12. Juli 2022
Last week HMRC published a report on the cryptoasset market, assessing the "uptake and understanding" of cryptoassets in the UK. Here, we look at some of the key findings and what they mean.
The aim of the report was to help HMRC understand the population of individuals in the UK that currently hold (or have previously held) cryptoassets. In particular, HMRC's objectives were to:
The research for the report was conducted in 2021 by Kantar Public, with the stated aim of informing policy development by HMRC and other government stakeholders in the cryptoasset space.
In some respects, yes. The report confirms the growing popularity of cryptoassets – 10% of UK adults own or have owned cryptoassets, and 68% of those are "likely" or "very likely" to acquire more.
It confirms some accepted demographic characteristics of cryptoasset owners – 76% are under the age of 45 (compared to 45% of the general population), and 69% are male. The report also confirms accepted ideas about how people buy and sell cryptoassets – 68% of owners acquired their cryptoassets through a centralised exchange, and 81% use an exchange to make disposals.
Other statistics are more surprising. 19% of cryptoasset owners have a professional financial adviser, and 70% hold at least one other investment. 19% of respondents said that cryptoassets were a core part of their investment portfolios. These statistics indicate (if such an indication were needed) that cryptoassets are beginning to enter the mainstream and be adopted by experienced investors.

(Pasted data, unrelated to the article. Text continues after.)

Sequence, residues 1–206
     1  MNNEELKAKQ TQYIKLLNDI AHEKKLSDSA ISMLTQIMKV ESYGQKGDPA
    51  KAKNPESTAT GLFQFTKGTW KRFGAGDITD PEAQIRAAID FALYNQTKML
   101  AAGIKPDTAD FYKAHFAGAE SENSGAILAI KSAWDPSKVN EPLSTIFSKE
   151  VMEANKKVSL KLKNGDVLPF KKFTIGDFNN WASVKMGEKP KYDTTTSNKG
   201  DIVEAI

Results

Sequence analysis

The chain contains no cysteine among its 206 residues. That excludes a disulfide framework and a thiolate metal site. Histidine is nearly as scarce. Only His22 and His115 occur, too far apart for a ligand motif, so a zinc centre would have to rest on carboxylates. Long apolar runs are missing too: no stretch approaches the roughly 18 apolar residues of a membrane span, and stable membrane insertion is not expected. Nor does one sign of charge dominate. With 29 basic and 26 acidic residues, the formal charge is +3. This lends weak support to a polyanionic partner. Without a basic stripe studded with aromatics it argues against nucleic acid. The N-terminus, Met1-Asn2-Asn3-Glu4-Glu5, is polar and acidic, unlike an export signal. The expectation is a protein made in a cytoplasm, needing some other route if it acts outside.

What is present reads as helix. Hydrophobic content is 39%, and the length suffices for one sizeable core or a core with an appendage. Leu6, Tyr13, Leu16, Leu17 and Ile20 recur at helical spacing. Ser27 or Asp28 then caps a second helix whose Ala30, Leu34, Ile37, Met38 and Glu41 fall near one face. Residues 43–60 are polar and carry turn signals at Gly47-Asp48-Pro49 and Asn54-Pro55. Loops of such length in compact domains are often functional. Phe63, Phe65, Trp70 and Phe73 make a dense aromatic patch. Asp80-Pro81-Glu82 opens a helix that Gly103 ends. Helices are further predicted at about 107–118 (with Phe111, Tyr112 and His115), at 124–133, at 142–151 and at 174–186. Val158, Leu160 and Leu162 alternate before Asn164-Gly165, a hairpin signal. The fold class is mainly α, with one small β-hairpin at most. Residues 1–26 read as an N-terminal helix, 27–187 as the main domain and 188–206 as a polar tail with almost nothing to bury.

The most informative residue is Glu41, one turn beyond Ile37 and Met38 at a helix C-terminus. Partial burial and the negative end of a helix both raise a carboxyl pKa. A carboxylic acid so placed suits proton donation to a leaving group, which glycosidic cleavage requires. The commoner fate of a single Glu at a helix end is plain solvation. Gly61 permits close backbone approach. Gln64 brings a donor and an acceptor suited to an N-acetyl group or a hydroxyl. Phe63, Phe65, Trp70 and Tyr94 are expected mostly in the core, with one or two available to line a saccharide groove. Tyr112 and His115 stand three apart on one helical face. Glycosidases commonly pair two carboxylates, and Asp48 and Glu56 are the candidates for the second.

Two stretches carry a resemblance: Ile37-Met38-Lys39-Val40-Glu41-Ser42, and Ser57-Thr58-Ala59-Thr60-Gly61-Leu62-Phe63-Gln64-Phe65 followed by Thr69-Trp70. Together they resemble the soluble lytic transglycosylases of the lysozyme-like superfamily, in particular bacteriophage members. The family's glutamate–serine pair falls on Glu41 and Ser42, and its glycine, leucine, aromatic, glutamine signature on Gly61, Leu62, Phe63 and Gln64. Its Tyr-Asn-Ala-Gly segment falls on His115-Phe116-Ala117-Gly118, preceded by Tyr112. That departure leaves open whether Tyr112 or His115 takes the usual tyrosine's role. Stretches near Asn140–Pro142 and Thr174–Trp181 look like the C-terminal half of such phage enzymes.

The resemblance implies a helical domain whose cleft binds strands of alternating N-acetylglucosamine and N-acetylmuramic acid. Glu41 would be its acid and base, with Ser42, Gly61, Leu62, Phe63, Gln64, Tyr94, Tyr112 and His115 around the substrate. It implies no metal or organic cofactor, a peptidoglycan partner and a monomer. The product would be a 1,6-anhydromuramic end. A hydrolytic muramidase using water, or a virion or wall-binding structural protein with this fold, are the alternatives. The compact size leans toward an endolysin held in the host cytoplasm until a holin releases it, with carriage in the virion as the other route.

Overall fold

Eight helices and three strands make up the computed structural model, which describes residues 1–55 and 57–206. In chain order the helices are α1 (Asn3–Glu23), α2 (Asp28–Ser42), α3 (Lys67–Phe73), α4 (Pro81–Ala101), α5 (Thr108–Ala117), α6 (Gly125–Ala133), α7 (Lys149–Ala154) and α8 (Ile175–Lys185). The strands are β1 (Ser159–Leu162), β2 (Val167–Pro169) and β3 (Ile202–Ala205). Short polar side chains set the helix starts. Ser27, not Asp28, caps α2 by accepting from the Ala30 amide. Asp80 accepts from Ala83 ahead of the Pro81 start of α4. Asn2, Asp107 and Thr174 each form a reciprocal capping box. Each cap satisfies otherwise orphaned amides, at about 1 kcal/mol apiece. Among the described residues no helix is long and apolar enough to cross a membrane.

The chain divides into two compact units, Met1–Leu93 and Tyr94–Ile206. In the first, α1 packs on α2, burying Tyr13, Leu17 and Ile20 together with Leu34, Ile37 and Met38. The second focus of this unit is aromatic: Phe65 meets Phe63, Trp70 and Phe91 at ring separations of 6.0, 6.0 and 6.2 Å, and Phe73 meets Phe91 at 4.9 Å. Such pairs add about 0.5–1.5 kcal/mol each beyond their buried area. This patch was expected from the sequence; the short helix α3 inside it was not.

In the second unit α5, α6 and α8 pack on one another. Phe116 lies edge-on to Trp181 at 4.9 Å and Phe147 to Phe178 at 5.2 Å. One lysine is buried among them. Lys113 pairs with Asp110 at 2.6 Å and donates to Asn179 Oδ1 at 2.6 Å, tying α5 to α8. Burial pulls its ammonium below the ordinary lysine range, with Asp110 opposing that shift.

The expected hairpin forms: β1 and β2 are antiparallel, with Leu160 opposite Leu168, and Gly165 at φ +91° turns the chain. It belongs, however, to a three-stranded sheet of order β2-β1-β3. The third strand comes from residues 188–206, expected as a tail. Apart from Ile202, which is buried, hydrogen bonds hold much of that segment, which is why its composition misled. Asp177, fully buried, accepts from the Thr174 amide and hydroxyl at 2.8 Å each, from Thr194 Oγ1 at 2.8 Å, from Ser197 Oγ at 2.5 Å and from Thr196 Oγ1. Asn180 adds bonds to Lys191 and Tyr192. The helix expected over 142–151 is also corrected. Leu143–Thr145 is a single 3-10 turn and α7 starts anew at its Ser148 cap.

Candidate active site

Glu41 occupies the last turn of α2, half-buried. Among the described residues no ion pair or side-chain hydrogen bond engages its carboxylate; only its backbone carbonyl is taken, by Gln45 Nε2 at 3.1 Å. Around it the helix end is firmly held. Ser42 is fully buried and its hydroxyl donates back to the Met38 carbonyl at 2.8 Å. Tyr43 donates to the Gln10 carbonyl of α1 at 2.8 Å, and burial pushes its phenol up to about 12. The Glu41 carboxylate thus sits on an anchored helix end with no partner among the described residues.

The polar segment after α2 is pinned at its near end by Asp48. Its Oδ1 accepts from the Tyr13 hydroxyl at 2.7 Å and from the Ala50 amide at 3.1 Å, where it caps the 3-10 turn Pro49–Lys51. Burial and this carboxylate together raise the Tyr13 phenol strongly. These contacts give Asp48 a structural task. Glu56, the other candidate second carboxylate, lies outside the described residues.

That said, only 42% of cryptoasset owners are aware that tax liabilities can arise when purchasing goods and services using cryptoassets, and only 50% that tax liabilities can arise when converting cryptoassets into fiat currency. Only 28% have seen HMRC's guidance on the tax treatment of cryptoassets, and only 16% have sought tax advice in respect of their cryptoassets. Capital gains tax (CGT) is the principal tax that will likely apply to individual investments in cryptoassets, but 59% of cryptoasset owners know little or nothing about CGT.
HMRC has done a huge amount of work developing and publicising its views on the tax treatment of cryptoassets, and the statistics above on tax awareness indicate that there will likely be plenty more to come from HMRC in this area. Not least because, in the year prior to the survey, 63% of owners reported making a profit when disposing of cryptoassets.
The final survey question asked cryptoasset owners for a one-word description of the future of cryptoassets. In reverse order, the top five responses were: exciting, interesting, good, bright and uncertain. The report is an admirable attempt by HMRC to understand the rapidly evolving cryptoasset market, and unpick a little of that uncertainty.